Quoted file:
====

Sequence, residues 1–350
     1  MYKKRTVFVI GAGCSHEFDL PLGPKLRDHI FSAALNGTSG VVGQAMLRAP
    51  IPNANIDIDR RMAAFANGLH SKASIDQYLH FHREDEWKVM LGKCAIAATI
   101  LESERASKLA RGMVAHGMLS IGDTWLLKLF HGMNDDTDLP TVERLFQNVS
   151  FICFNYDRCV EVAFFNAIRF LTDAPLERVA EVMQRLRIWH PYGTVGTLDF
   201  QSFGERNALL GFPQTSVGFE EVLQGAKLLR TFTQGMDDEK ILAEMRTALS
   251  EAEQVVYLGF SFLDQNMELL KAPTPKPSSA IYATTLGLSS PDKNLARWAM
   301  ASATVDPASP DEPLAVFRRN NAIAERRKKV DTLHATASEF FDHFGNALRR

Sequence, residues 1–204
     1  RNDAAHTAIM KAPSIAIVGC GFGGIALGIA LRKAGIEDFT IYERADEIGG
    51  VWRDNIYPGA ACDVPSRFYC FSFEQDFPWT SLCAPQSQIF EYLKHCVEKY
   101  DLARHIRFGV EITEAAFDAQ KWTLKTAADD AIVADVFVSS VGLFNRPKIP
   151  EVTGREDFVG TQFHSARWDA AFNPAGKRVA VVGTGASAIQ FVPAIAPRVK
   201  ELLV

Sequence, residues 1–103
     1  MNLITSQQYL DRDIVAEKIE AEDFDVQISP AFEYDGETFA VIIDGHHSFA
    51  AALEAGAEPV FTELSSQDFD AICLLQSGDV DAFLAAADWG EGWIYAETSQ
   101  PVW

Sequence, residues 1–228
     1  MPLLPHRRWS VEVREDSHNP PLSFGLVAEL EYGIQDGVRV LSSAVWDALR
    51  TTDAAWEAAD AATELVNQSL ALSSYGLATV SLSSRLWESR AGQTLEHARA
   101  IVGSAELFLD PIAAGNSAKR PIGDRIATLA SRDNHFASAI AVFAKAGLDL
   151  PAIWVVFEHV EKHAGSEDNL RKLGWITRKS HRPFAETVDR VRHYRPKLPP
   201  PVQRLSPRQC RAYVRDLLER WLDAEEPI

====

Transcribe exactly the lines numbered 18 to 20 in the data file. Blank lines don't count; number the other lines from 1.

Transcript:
   101  PVW

Sequence, residues 1–228
     1  MPLLPHRRWS VEVREDSHNP PLSFGLVAEL EYGIQDGVRV LSSAVWDALR